Even on the most beautiful days in the whole year – the days when summer is changing into fall – the crickets spread the rumor of sadness and change.
E.B. White, Charlotte’s Web, chapter XV, “The Crickets”
I hope I never lose my awe at the change of seasons, the year’s wheel turning from red to white to green to gold. This year, the whispers of autumn in the cool breezes and silver-dipped backs of leaves hurts me as much as it excites me. This summer was a dream, from the beauty of blue horizons and pink beach-roses to the amazing contributions to the Summer of Faerie project.
I’m ready to go to Scotland; ready for the long flight, the two-week quarantine, the world of books and music and art I will enter with the other students in my MLitt program. It will be good and hard and beautiful and strange. I have never lived in a foreign country; I have been dreaming of going to grad school for five years; I’m longing to dig deep into the richness of study; I’m nervous about the many things I don’t know, like what grocery store brands to buy or whether I can keep track of the dollar/pound conversion in my head.
I wrote this poem to capture some of the beauty of this summer and a little of the scattered research I’ve done of Faerie.
Dipping paddles into darkness, stirring
Pollen gold dust over pondering deep,
We tune our ears by cicadas’ whirring,
Hearing loons cry ah-oo, spell of noon’s sleep.
Dragons dream below us. We glide like ghosts
Over their ancient rest, tree-covered spines
Watching like guards of a distant outpost
Hungry, listening, waiting for mythic signs.
Staghorn sumac raises scarlet pledges,
Toasting endless sky, hailing dark green peaks.
Silver birches gleam at twilight’s edges.
We pause, haunted, as night’s veil speaks.
Golden moment: scent of pine in a glade
Swirling rich and sweet. Steep hills overgrown,
Tangled with roots. Heat shimmers; phantoms fade.
Did I dream it, or remember? Unknown.
Eelgrass rustles; breezes finger willows.
Fireflies blink and twirl in shadowed trees.
Green-Guards conduct the peepers’ twilight show,
Their song of sleeping kings and emerald seas.
Orange seaweed drifts up from the sea caves
Remnants of the Sea Folk’s midnight fun.
Splashes: kids jump off the bridge into waves.
Tide-Keepers giggle, scales glinting with sun.
Mourning doves cry oo-ah while the Dawn-Beasts
Breathe on windows of a morning, fogging glass.
Packing quickly, I watch the kindling east
Turning green to gold. The zenith has passed.
There seems to be an unwritten rule that artists should never explain the meaning of their work: they can either remain mysteriously silent or drop cryptic hints. I’m going to break that a little now to explain the middle section of the poem, “The dream” because there’s a mystery there. Since spring, I’ve had a recurring daydream of a golden wood, a pine hollow baked dry and amber by the sun, full of hills that roots break through. It’s warm, silent, peaceful, safe, beautiful, sad. There might be a castle nearby; I think it has a wishing well. It may be from a book or movie (Ever After, Bridge to Terebithia, The Book of Three, Prince Caspian) or somewhere I have traveled (New Hampshire, Cape Cod, Pennsylvania, Yosemite). I thought it might be in Acadia National Park, but I didn’t find it there in June.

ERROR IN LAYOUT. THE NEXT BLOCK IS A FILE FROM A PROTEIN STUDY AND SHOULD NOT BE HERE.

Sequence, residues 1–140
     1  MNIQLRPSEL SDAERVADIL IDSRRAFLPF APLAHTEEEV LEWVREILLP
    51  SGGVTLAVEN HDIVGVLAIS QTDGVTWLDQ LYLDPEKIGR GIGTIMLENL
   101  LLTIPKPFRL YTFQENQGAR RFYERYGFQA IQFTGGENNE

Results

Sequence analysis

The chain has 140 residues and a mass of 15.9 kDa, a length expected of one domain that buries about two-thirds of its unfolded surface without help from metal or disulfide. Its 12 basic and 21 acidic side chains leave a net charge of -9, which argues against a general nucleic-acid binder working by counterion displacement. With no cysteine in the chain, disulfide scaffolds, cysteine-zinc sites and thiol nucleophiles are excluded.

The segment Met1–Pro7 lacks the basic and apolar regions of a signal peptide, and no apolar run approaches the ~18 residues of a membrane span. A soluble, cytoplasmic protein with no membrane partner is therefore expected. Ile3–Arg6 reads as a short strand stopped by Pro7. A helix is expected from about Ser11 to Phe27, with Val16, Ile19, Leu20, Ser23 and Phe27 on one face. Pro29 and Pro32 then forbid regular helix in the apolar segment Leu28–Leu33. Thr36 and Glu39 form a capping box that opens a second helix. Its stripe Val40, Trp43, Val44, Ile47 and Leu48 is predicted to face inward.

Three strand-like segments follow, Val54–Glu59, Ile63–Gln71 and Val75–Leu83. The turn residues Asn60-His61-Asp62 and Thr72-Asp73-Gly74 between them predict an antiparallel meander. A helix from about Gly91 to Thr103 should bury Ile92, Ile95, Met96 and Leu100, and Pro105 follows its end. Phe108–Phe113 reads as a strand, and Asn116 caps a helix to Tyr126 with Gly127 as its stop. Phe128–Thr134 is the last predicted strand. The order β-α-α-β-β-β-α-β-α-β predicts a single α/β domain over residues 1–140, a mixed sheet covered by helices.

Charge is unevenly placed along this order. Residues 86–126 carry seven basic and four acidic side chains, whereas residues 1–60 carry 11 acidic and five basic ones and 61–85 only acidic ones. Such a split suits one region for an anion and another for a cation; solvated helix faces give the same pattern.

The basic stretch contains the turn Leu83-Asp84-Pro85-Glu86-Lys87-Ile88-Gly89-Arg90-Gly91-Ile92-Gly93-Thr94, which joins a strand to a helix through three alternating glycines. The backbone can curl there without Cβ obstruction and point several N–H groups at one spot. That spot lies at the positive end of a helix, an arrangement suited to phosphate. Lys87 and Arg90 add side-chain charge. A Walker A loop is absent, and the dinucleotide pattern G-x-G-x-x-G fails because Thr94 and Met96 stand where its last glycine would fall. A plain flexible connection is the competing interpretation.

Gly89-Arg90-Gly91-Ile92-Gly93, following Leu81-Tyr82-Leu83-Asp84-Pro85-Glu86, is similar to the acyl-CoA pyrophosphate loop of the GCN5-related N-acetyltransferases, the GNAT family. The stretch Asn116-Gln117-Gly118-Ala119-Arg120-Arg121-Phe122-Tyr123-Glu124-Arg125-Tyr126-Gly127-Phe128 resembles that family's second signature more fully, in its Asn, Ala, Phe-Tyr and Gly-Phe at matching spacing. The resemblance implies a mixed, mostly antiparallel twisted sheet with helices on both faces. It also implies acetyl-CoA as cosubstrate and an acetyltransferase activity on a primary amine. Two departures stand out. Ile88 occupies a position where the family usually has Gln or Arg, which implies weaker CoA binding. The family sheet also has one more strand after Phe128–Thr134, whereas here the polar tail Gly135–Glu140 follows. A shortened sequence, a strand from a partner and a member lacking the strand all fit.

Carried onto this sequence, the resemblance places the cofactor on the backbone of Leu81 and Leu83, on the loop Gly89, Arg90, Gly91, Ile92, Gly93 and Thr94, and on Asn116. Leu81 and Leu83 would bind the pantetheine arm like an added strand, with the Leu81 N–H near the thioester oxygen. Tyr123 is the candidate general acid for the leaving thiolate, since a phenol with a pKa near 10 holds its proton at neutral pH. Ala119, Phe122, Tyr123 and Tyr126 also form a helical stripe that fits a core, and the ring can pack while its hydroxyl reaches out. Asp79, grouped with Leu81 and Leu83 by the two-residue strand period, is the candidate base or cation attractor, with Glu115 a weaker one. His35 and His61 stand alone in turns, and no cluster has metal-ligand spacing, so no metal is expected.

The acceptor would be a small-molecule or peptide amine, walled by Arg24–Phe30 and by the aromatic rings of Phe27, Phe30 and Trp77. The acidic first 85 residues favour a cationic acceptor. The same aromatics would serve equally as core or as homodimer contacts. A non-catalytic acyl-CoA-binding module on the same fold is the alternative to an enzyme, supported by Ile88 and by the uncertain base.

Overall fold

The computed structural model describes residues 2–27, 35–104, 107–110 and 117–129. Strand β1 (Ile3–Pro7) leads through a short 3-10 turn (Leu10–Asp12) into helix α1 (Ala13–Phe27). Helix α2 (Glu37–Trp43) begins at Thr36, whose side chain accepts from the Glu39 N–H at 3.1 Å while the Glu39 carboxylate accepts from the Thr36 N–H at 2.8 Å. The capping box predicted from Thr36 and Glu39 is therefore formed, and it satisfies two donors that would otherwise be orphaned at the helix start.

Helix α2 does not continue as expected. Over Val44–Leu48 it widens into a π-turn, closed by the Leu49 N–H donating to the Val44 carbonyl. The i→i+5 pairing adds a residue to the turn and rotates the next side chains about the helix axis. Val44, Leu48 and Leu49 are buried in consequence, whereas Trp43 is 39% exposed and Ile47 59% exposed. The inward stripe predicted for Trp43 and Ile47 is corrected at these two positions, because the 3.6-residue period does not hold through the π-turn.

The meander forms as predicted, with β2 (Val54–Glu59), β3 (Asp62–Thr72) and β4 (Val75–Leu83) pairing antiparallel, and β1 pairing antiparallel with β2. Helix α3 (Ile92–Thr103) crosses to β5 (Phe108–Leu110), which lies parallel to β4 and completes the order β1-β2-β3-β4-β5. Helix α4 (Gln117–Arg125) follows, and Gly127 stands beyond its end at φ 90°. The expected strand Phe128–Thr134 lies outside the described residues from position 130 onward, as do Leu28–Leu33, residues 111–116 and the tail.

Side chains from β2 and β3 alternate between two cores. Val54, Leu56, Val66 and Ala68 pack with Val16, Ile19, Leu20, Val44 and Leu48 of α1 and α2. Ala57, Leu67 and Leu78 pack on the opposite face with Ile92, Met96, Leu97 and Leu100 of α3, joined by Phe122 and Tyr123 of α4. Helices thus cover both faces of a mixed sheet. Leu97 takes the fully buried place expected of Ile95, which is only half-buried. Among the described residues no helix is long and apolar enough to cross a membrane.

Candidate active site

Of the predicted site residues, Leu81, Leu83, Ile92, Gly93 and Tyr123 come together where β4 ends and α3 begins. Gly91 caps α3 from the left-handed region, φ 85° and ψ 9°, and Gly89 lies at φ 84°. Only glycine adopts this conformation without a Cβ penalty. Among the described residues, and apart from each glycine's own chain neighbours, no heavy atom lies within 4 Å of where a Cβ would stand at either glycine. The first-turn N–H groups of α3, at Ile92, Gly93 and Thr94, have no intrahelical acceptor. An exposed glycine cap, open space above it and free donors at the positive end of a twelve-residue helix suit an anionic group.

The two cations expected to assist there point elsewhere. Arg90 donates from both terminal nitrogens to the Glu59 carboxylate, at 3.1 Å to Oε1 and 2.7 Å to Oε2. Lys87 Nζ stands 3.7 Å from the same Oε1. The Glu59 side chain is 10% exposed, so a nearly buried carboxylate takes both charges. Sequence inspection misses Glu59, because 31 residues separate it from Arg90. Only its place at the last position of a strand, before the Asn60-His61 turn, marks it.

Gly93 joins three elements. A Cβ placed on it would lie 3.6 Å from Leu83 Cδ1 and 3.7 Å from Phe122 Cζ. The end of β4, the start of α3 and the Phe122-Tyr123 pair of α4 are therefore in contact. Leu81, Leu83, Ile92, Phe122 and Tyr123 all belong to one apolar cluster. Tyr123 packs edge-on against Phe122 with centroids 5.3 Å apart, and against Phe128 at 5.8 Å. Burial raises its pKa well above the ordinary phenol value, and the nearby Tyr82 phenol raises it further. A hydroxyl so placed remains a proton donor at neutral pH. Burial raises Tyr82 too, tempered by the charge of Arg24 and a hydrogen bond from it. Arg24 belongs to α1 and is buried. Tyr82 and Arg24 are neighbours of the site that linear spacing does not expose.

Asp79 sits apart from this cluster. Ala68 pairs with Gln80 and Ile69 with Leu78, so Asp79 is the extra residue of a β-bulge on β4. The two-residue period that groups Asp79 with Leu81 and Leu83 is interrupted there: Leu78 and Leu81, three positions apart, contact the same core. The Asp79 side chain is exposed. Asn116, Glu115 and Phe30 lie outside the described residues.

As I included that dream in my poem, I read Rebecca D. Martin’s beautiful article, on the Rabbit Room, “The Stories of Others.” I liked it so much that I went back and reread her Rabbit Room article from February, “Significant Lights.” The fourth paragraph brought me to a full stop: she describes a childhood dream
… infused with a beauty so rich I can still sense it. In the dream, I walked through a golden wood, as haunting as autumn, as living as spring. There were elements other than the forest, too: a castle, the sense of mystery, a deep feeling of belonging and hope, and even sorrow—a pervasive sadness that I couldn’t keep staying here in this most perfect place. . . . sometimes I still lay on the edge of sleep longing for a glimpse of that forest again.
Is my golden wood a subconscious memory of Rebecca’s article? (Probably.) Or did we both dream of the same place, miles and years apart? I have no idea, but the second idea reminds me of something I read in Madeleine L’Engle’s book Walking on Water: L’Engle noticed that a certain image she used in her book A Swiftly Tilting Planet, a bonfire of roses, also appeared in Dante’s Divine Comedy, George MacDonald The Princess and Curdie, and T.S. Eliot Little Gidding.
Where did the fire of roses originate? I suspect that it goes back beyond human memory.
Madeleine L’Engle, Walking on Water, chapter 10, “The Journey Homeward”
Is the golden wood a whisper of Deep Magic? I want to believe that.
I think the golden wood will haunt me in the darkness of winter in Scotland (six hours of light per day). I think it will come back to me when I slop through slush in the streets or feel cold, wet winds slicing through my jacket. I hope that instead of making me grumpy and discontent (as I can be), that fragrant silence, delicious heat, and golden radiance warm me from the inside out.